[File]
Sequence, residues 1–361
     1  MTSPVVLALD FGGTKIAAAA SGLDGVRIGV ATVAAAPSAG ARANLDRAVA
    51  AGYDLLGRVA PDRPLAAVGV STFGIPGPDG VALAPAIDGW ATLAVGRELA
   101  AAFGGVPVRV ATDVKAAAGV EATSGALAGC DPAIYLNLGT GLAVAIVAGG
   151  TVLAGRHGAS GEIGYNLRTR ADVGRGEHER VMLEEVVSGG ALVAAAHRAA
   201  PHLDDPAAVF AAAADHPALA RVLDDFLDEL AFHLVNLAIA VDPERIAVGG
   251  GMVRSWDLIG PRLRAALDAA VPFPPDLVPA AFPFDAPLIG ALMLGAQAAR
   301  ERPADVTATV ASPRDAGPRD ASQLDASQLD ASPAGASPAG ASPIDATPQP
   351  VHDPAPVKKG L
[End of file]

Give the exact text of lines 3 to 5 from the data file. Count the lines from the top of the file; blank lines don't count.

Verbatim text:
    51  AGYDLLGRVA PDRPLAAVGV STFGIPGPDG VALAPAIDGW ATLAVGRELA
   101  AAFGGVPVRV ATDVKAAAGV EATSGALAGC DPAIYLNLGT GLAVAIVAGG
   151  TVLAGRHGAS GEIGYNLRTR ADVGRGEHER VMLEEVVSGG ALVAAAHRAA